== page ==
Govardhan, 2017.01.29 (Vishakha Dasi for VT): Holi comes but once a year.
This may be true for the millions of Hindus who celebrate the festival of colors for just one day. But here in Vrindavan, we celebrate Holi for six weeks – even longer if you count the post-Holi festivities!
It begins on Vasant Panchami, the first day of Spring, when the first tiny dots of coloured powder are offered to Shri Radha and Krishna, then lightly sprinkled on Their devotees as prasad. From that moment on, the game builds and builds in a constant crescendo until by the end of Holi, there is a flood of colour everywhere.
In Vrindavan, this explosion of colours is synonymous with the Divine Couple’s eternal festival of love. So how could two months of Holi ever be enough? Holi must be eternal.
And it’s true. By the grace of Shri Radharani I recently found the place where Holi never ends: Gulal Kund in Govardhan.
The sacred lake called Gulal Kund is snuggled in a sea of yellow mustard flowers in the lap of Shri Giriraj (Govardhan Hill). It is easy to reach from the Govardhan Parikrama path. If you are coming from Poonchari, take a left near Rudra Kund, at the corner where the auto rickshaws linger. Bear right, then left, then it’s pretty much a straight shot.
As soon as you make the turn down the lane towards the village, the hustle and bustle of Jatipura is snuffed out by an extreme sense of peace that blankets the entire area just beyond the parikrama path.
This crisp winter moring on the cusp of Spring, I went by motorbike. It was a smooth ride over a pavement of white bricks. I have no idea who paved the road, but it seemed like the bricks had been laid with special care. The farther I drove, the more the pukka (concrete) buildings were replaced with kuccha houses made of Vrindavan’s earth and cowdung. At the risk of sounding strange I must admit, the aura and fragrance of the cowdung was extremely intoxicating.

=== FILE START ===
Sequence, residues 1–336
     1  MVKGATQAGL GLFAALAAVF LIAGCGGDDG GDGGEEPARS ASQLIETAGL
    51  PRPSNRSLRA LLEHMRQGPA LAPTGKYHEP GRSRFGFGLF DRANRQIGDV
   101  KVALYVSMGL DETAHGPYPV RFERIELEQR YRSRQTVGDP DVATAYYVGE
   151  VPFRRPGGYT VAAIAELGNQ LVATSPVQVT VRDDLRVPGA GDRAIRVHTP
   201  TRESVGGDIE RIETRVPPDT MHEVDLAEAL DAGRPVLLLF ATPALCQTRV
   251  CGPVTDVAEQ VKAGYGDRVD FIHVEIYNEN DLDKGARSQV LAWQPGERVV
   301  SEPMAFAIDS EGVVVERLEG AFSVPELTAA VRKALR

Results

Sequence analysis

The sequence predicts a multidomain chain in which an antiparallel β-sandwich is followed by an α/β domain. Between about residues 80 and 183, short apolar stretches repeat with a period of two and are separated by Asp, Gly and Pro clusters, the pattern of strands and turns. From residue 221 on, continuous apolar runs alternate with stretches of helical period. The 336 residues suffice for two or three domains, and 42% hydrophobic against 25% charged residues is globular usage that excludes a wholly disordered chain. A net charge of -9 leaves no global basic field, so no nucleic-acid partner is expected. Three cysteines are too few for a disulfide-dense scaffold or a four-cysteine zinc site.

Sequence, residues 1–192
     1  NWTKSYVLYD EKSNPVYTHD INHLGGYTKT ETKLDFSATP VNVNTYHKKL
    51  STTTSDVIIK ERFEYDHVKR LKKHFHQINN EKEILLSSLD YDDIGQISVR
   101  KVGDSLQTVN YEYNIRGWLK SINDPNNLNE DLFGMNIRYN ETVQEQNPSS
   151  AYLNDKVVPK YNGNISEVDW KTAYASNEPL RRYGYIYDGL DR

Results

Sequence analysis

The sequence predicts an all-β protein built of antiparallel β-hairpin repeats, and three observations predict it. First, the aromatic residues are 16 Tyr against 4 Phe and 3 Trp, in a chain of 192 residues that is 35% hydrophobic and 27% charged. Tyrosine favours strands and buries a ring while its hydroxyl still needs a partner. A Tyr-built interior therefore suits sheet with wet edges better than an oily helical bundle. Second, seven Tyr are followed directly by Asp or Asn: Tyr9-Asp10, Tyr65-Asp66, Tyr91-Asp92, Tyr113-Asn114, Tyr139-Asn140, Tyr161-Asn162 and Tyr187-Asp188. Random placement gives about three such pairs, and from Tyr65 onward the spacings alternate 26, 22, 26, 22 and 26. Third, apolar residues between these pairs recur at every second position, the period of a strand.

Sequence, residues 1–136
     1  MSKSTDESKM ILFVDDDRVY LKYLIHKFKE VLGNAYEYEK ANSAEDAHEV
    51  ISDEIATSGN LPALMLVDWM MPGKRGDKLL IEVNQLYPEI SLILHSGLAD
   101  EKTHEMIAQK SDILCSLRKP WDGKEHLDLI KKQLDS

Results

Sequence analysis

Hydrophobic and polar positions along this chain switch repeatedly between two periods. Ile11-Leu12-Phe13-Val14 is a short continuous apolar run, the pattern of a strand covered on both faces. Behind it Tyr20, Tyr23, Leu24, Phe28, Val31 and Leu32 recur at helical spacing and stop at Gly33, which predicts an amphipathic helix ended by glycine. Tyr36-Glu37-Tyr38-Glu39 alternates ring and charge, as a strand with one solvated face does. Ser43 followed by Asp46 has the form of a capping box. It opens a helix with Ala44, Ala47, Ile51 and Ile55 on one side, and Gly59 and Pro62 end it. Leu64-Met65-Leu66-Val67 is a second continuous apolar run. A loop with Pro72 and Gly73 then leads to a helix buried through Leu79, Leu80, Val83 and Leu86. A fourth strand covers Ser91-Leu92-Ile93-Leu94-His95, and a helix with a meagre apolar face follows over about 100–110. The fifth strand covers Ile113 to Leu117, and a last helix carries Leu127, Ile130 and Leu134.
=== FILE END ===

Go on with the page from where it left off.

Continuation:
After driving for about ten minutes, I saw an elegant pink sandstone gateway on the left, marking the entrance to Gulal Kund. A baby buffalo was playing near the entrance of the village, and I drove in slowly so as not to frighten her.
What I saw next was absolutely thrilling.
The entire courtyard was stained pink from Holi powder. A large, beautiful tree shaded the courtyard and several large Govardhan Shilas, and at the back was Gulal Kund. Unfortunately, the Kund is nearly dry, but the ambience is still incredible; very serene, with many green parrots chattering in the trees. It reminded me very much of Prem Sarovar.
There was a plaque comemorating the renovation of the Kund, which mentioned Teerth Vikas Trust, Shri Ramesh Baba of Barsana and the names of several devotees. A scene of Shri Radha and Krishna playing Holi was depicted in bas relief on sandstone, and on the right side of the courtyard was a small temple with a baithak (sitting-place) of Shri Vallabhacharya.
I entered the temple for darshan and asked the caretaker, Lila ji, about the lilas relating to this place.
She explained that once Shri Krishna was playing Holi in Barsana with Shri Radharani and other gopis. Although Shri Radha is His dearmost Beloved, during this Holi game, Krishna was giving His time to all the gopis equally. Shri Radharani and Her friends became upset, feeling that Krishna was not doing justice to this holi festival.
Unless Krishna played with Radha with full abandon, the true bliss of Holi could never be attained. By the time the game was over, Shri Radha fell into a sulk and began to cry. So to please Her, Shri Krishna brought only Radharani and Her close friends (sakhis) to this kund to play Holi to their hearts’ content. And so this place became known as Gulal Kund.
Shri Radha and Krishn are offered Holi colours every day at this place, and the devotees are adorned with Their prasad. And every day, Vaishnavs visit and play Holi here in remembrance of that beautiful lila.
The caretaker, Lila ji, invites all of you to come and play Holi with Shri Radha and Krishna at Gulal Kund.